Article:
Thursday, January 29, 2015

CRISPR-based gene photoactivation system

Nihongaki Y, Yamamoto S, Kawano F, Suzuki H, Sato M. CRISPR-Cas9-based Photoactivatable Transcription System. Chem Biol. 2015 Jan 20. pii: S1074-5521(14)00459-1. PMID: 25619936.

From the abstract: "... Here we created a light-inducible, user-defined, endogenous gene activation system based on CRISPR-Cas9. ... this ... system can allow rapid and reversible targeted gene activation by light."

Friday, January 9, 2015

Over-expression of transcription factors--resource and screen paper from Deplancke lab

Early online at Genome Research:  A large-scale, in vivo transcription factor screen defines bivalent chromatin as a key property of regulatory factors mediating Drosophila wing development. Claus Schertel, Monica Albarca, Claudia Rockel-Bauer, Nicholas W Kelley, Johannes Bischof, Korneel Hens, Erik van Nimwegen, Konrad Basler and Bart Deplancke. 2015.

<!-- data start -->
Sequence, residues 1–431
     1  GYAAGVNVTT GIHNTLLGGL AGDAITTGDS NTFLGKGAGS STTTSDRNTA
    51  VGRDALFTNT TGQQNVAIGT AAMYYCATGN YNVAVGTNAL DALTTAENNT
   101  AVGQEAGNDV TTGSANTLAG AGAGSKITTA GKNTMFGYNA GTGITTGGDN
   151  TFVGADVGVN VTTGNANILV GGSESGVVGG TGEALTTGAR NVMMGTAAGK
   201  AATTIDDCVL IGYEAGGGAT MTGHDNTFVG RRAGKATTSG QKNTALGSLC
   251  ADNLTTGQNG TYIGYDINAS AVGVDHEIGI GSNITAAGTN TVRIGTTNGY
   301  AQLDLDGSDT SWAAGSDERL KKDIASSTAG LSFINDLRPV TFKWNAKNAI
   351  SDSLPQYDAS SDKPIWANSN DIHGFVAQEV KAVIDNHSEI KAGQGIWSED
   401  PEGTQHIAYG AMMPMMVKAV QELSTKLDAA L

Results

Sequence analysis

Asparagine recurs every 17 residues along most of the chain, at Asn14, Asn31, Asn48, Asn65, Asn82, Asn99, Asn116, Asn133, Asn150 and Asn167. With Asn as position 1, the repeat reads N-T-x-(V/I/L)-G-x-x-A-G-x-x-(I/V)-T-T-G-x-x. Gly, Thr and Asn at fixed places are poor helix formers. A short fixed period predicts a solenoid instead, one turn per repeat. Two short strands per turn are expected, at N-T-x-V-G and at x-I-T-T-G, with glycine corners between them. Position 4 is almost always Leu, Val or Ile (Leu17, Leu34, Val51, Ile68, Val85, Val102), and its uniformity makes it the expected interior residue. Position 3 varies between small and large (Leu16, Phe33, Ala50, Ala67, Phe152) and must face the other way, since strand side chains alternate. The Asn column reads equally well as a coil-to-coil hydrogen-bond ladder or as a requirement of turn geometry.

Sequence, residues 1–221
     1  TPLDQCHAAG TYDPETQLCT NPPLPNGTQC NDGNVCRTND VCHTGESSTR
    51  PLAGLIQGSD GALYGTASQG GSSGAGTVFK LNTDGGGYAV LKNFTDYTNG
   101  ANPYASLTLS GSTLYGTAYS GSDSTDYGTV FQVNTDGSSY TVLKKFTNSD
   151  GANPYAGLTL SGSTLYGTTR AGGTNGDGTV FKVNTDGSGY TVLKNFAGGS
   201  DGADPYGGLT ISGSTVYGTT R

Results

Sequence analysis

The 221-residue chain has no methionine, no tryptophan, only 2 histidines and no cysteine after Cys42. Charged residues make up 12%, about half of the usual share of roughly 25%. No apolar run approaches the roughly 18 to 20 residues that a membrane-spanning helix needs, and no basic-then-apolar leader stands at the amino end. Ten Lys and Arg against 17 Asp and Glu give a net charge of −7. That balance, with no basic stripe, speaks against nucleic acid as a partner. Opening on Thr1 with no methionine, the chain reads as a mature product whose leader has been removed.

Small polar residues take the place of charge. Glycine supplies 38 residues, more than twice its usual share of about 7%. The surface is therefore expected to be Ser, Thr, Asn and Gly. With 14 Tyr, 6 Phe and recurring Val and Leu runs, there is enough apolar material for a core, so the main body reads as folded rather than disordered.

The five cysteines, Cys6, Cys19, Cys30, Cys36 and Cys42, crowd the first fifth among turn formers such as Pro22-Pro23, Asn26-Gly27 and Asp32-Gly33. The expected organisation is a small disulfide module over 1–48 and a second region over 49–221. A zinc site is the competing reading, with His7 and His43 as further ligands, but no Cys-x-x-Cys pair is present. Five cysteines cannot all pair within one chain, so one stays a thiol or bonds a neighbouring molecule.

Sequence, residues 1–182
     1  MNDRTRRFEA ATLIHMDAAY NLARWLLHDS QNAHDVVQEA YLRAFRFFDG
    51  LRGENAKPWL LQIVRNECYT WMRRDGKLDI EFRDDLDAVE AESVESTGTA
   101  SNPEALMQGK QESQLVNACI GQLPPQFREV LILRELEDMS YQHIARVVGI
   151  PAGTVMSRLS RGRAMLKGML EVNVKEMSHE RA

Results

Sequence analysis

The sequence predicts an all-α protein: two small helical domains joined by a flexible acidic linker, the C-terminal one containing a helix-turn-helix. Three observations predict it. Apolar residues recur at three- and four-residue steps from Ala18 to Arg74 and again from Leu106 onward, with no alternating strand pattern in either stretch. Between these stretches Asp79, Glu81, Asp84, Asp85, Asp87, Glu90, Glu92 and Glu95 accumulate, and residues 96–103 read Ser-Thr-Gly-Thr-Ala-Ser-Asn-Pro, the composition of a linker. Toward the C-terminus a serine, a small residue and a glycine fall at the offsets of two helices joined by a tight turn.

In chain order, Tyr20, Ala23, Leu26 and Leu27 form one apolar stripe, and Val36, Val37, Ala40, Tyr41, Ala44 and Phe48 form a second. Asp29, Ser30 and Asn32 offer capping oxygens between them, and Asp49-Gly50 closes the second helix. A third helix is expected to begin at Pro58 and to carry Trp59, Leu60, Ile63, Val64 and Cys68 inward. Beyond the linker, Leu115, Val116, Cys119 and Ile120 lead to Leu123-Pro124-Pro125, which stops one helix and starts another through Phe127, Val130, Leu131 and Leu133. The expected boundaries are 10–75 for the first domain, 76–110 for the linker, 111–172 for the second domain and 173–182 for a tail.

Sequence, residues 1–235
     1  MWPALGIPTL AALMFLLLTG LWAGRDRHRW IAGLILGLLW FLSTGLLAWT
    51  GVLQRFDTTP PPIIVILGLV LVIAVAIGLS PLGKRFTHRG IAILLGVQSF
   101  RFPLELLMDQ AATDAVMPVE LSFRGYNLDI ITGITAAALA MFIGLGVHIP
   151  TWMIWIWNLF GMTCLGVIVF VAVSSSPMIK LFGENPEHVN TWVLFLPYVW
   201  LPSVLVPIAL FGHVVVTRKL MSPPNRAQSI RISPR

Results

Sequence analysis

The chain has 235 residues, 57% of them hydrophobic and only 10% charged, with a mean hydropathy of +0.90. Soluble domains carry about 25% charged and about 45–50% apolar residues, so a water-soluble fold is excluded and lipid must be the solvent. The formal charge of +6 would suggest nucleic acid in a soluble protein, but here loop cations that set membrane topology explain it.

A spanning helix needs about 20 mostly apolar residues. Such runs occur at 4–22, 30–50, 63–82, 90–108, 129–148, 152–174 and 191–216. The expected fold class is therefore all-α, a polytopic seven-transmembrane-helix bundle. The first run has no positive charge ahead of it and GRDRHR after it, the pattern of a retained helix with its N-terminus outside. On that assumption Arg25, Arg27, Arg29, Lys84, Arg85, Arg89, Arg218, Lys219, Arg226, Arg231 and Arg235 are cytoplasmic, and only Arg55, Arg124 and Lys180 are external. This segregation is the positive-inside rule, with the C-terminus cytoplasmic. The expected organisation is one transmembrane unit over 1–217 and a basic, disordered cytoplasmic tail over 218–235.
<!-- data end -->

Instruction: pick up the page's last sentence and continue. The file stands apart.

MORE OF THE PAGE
From the abstract: "... We generated 596 site-directed transgenic Drosophila lines that contain integrations of individual UAS-TF constructs to facilitate spatio-temporally controlled misexpression in vivo. All transgenes were expressed in the developing wing and two thirds induced specific phenotypic defects. In vivo knock-down of the same genes yielded a phenotype for 50%, with both methods indicating a great potential for misexpression to characterize novel functions in wing growth, patterning and development. Thus, our UAS-TF library provides an important addition to the genetic toolbox of Drosophila research ..."

Thursday, January 8, 2015

SignedPPI included in list of "Signaling Breakthroughs of the Year"

How cool is this? SignedPPI, which was developed by the Perrimon lab and DRSC, made it onto the Signaling Breakthroughs of the Year list at Science Signaling!

Here's the paper that describes SignedPPI (free in PubMed Central): Vinayagam A, Zirin J, Roesel C, Hu Y, Yilmazel B, Samsonova AA, Neumüller RA, Mohr SE, Perrimon N. Integrating protein-protein interaction networks with phenotypes reveals signs of interactions. Nat Methods. 2014 Jan;11(1):94-9. PMID: 24240319; PMCID: PMC3877743.